Malpass Brothers / Family

The Malpass Brothers are another excellent example of a regional talent that has broken onto the national music scene and also toured internationally.

From our 2006 newsletter:
Don Helms & Chris Malpass Hank Williams Tribute Now Available
The much anticipated Hank Williams tribute CD by Chris Malpass and Don Helms, called Turn Back the Years, features new covers of 11 classic Williams songs. Helms, who played steel guitar on most of the original recordings, has been traveling with Malpass throughout the country, performing Hank Williams tributes in Louisiana, Alabama, Missouri, Tennessee, Illinois, Pennsylvania, and Canada.

Clyde Mattocks doesn’t think it will be long before Malpass is a fixture on the Nashville music scene, and few that have heard this amazing talent would argue. Mattocks, who often plays Dobro and banjo for the Malplass Family shows, plays bass on the new CD. He is joined by fiddle champion Tim Smith and Taylor Malpass on electric guitar. Kenny Dail plays steel guitar on one track, and Lisa Hill plays piano on another.

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Marty Silverthorne’s poem was inspired by one of the Malpass Brothers shows with Don Helms.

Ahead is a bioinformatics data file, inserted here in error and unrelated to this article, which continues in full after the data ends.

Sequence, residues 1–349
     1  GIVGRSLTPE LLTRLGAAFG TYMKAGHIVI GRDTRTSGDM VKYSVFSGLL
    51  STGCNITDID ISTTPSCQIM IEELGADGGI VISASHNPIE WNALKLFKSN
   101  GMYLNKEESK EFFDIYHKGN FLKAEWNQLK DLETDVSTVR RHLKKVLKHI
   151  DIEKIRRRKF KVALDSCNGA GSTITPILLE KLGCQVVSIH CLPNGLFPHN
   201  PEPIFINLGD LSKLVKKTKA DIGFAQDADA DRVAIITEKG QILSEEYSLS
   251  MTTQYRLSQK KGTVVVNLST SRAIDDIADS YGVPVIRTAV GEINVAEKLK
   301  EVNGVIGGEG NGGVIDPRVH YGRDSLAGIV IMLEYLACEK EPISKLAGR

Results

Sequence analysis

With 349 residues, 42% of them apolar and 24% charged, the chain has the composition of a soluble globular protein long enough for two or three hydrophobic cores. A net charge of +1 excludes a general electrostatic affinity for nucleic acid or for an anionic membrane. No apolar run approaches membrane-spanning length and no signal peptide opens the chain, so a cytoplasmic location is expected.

“Gettin’ the Holy Ghost at R. A. Fountain”
by
Marty Silverthorne

Daddy’s dead but not tonight off Exit 63 
at R.A. Fountain General Store reared 
back in an old church pew. Stage lights 
fall on empty mics, upright piano, 
thumping bass. The steel picks up, rings 
around the general store, in and out of 
a nail keg, across worn frets of a ladder back.
The young crooner cries Waltz Across Texas, 
Daddy dances in the Sea of Galilee, 
Mama pats her foot and hums. 
The tenor sets Acuff’s speckled bird flying. 
Daddy can’t be held down by dirt, 
runs the aisles in R. A. Fountain, 
dances with axe, maul, handsaws.
It’s Mama’s music too; the young boy 
pulls his hat off, slicks back black hair, 
he’s Elvis turning a hymn into 
a hunka, hunka heaven. Mama rises 
from the pew, shouts “who are these 
children bringing the dead out of the dark; 
they must be Moses’ children
freeing us from our own Folsom.”

The spotlight falls on mics at rest, 
after waltzing Luke the Drifter 
over oiled hardwood. Daddy came 
back from the drink box with a Coke, 
Tom’s Peanuts, a cone of hand churned 
chocolate ice cream for Mama. 
He dropped peanuts down 
the slender neck of the bottle, 
baptizing them in dark syrup. 
Mama savored chocolate from the cone.
If Mama’s heart had windows 
you’d see a house of broken panes. 
Daddy and Mama raise their hands 
grasping a life line, a saint pulling 
them into salvation as if they 
saw the light and were lifted 
on the wings of a snow white dove.